Lorna Simpson, Waterbearer, 1986. Gelatin silver print with vinyl lettering, 59 × 80 × 2 1/4 inches (149.9 × 203.2 × 5.7 cm). Courtesy the artist. © Lorna Simpson
Open Today 10 AM – 9 PM
Admission is free from 5 to 9 PM on ICA Free Thursdays.
Examine the political, social, cultural, and aesthetic priorities of women of color during the emergence of second-wave feminism.
Focusing on the work of black women artists, We Wanted a Revolution: Black Radical Women, 1965–85 examines the political, social, cultural, and aesthetic priorities of women of color during the emergence of second-wave feminism. It is the first exhibition to highlight the voices and experiences of women of color—distinct from the primarily white, middle-class mainstream feminist movement—in order to reorient conversations around race, feminism, political action, art production, and art history in this significant historical period. The exhibition features a wide array of work, including performance, film, and video art, as well as photography, painting, sculpture, and printmaking by a diverse group of artists and activists who lived and worked at the intersections of avant-garde art worlds and radical political movements.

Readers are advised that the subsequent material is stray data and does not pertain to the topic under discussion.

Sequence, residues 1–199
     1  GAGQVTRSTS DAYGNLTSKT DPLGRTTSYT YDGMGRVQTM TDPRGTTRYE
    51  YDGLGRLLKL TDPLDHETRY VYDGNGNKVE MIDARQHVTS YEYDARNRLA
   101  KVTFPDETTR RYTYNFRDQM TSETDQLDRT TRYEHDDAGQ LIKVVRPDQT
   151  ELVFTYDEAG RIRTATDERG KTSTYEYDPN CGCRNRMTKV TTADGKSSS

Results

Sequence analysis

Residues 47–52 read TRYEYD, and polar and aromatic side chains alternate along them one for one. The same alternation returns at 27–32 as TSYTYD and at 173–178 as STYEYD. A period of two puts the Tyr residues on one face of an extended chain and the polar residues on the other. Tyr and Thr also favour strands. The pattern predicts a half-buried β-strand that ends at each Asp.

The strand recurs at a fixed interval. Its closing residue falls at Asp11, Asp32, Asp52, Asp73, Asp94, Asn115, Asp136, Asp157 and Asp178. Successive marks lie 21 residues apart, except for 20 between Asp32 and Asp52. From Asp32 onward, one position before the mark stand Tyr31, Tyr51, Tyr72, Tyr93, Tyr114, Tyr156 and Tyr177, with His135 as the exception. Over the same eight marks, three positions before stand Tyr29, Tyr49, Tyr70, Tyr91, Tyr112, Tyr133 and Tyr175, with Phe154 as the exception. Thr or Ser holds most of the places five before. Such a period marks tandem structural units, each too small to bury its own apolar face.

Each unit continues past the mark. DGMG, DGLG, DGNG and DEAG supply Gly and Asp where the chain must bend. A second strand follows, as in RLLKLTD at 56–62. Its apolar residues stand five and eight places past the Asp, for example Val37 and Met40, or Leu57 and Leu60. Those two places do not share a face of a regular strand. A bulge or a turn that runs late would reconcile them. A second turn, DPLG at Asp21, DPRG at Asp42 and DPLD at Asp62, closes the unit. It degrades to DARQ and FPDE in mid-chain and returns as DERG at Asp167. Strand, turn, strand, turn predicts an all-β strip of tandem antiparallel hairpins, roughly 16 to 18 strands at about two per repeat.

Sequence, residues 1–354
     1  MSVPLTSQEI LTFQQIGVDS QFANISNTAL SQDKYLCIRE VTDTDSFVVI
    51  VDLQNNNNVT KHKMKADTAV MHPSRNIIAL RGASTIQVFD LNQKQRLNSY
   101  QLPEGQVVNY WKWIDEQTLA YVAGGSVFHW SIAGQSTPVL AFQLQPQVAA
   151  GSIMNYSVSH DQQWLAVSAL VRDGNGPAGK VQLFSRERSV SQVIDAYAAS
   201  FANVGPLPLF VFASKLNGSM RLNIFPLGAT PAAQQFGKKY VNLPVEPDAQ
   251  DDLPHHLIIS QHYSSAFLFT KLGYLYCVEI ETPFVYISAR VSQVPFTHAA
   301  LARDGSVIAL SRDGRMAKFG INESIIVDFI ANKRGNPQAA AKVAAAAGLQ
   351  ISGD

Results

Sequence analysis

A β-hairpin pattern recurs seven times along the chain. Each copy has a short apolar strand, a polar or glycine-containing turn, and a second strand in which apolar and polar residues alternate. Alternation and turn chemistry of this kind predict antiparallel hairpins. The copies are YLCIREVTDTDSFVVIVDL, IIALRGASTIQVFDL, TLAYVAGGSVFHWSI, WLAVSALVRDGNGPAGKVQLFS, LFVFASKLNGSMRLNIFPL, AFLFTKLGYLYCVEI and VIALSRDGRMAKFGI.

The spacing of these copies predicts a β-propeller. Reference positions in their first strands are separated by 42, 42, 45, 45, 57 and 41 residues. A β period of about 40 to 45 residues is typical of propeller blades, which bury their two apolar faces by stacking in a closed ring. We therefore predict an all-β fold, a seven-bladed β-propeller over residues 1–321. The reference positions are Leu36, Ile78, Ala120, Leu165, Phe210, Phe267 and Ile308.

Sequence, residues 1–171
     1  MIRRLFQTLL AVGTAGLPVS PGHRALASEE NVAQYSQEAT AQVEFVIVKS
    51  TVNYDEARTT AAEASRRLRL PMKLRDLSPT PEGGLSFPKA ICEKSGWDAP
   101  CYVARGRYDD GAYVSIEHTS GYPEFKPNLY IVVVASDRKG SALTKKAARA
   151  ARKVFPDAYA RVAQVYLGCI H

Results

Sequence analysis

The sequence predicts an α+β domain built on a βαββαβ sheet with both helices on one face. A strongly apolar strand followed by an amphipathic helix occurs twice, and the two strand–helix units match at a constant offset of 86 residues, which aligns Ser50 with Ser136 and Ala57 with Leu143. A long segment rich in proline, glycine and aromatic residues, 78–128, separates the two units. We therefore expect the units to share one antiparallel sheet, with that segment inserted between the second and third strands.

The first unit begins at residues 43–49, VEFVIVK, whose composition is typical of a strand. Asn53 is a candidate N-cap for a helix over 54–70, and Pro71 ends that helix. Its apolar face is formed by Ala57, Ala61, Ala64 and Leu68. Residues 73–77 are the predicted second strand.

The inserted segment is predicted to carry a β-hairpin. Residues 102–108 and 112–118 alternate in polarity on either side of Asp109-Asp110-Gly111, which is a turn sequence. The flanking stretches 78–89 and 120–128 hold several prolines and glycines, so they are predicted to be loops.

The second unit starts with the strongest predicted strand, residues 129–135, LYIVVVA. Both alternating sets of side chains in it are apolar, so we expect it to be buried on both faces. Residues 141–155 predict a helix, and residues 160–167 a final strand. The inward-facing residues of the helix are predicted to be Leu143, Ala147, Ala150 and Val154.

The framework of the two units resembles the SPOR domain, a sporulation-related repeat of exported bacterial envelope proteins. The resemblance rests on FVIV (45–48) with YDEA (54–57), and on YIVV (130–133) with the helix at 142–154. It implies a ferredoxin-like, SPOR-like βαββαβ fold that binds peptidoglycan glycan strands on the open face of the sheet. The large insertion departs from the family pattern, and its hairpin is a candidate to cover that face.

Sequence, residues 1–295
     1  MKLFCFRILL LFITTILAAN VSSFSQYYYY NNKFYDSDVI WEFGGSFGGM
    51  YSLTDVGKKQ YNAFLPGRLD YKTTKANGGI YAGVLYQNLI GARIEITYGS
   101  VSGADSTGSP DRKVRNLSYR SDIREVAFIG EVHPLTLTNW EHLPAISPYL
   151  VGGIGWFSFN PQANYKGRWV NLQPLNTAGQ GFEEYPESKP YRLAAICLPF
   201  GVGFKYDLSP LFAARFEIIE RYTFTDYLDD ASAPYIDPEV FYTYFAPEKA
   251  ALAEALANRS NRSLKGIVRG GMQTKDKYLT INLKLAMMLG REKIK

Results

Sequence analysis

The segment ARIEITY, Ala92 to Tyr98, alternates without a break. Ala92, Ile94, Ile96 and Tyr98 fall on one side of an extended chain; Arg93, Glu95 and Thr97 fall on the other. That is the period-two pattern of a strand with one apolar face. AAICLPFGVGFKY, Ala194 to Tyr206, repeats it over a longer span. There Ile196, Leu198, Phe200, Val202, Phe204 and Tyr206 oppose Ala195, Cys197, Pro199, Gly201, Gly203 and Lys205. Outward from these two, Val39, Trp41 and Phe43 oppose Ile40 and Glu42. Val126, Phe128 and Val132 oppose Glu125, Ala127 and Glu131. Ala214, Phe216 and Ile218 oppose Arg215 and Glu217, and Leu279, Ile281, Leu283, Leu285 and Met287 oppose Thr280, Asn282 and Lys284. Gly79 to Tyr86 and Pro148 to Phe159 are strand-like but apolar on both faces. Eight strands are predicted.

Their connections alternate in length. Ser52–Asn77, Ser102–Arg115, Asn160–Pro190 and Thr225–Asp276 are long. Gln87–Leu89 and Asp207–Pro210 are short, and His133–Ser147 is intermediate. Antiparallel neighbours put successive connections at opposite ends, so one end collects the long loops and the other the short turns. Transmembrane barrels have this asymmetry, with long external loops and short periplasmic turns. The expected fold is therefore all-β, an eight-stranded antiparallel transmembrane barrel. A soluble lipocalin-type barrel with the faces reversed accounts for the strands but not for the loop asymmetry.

Artists include Camille Billops, Elizabeth Catlett, Julie Dash, Maren Hassinger, Jae Jarrell, Lorraine O’Grady, Howardena Pindell, Faith Ringgold, Betye Saar, Lorna Simpson, and Carrie Mae Weems, among many others.